Ford employs specially trained engine listeners in new Focus RS development

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In the development of the all-new Ford RS, Ford found that for certain tests, nothing beats a set of human ears to help refine the engine’s sound. Highly trained production workers conducted an auditory test to confirm the perfect running of the 350PS 2.3-liter EcoBoost engine, in advance of it being fitted to the completed Ford Focus RS cars.

“This team knows what a perfectly calibrated engine sounds like and they know the tiny sounds to listen for in case there is a problem,” said Gunnar Herrmann, VP quality, Ford of Europe. “Think of it like a doctor who has the most advanced diagnostic technology, but still uses a stethoscope to gather vital clues to a patient’s health.”

Employees at Ford’s manufacturing facility in Valencia, Spain, are taught to identify defects using specially prepared faulty engines that highlight the sound that they need to listen for. After several months of training and coaching, team members are qualified to conduct the intensive one‑minute tests in one of 18 sound-proofed cells at the end of the production line.

Should the engineers hear any rattling or whistling sounds typically associated with issues, such as a blocked lubrication passage or a damaged gear tooth, the engine is removed so that further checks can be carried out, and the problem addressed. In this way the quality of the manufacturing process also can be continuously improved.

Further vehicles that benefit from the scrutiny of the engine listeners in Valencia include the Ford Focus ST, S-Max and Mondeo.

“The experience of hearing thousands of engines allows us to sense straight away when something is not working perfectly,” said Juan Carlos Rosmari, quality technician, Valencia engine plant. “Each different engine type has its own unique sound, and from listening to them in the test cells we get to know their individual characters – and the tell-tale signs that indicate a problem.”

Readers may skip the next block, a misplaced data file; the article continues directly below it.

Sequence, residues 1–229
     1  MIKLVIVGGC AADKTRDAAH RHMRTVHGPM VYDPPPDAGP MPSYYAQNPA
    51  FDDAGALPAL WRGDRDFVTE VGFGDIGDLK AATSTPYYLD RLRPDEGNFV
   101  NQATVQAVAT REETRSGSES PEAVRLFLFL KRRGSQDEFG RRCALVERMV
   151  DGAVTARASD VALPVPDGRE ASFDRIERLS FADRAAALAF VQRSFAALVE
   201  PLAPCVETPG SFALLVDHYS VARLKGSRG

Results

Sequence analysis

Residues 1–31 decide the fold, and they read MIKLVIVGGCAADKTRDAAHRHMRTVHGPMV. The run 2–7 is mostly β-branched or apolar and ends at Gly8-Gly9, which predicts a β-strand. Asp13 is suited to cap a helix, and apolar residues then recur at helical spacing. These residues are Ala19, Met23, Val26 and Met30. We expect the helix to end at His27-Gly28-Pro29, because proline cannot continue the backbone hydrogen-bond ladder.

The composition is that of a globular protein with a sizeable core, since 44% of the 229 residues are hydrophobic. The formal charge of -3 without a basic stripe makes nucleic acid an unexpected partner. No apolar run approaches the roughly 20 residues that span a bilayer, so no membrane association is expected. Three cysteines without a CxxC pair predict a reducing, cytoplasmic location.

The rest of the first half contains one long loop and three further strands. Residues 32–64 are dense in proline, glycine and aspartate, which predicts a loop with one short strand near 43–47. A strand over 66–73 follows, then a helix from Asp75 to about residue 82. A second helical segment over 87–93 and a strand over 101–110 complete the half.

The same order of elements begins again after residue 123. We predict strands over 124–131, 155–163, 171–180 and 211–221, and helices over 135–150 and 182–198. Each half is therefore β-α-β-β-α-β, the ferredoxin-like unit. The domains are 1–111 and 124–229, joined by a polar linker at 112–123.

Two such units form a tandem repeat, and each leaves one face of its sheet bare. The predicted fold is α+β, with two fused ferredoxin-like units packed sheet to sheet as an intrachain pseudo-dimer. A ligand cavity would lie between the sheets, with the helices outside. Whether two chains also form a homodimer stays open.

Between them, Ford’s team of engine listeners carries out the test on 2,000 engines per day at the Valencia plant. Preparing engines for testing provides a natural break between the listening sessions, so that the employees can maintain full concentration on the tests over a working day.

April 6, 2016

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John joined UKi Media & Events in 2012 and has worked across a range of B2B titles within the company's automotive, marine and entertainment divisions. Currently editor of Automotive Testing Technology International, Crash Test Technology International and Electric & Hybrid Marine Technology International, John co-ordinates the day-the-day operations of each magazine, from commissioning and writing to editing and signing-off, as well managing web content. Aside from the magazines, John also serves as co-chairman of the annual Electric & Hybrid Marine Awards and can be found sniffing out stories throughout the halls of several of UKI's industry-leading expo events.

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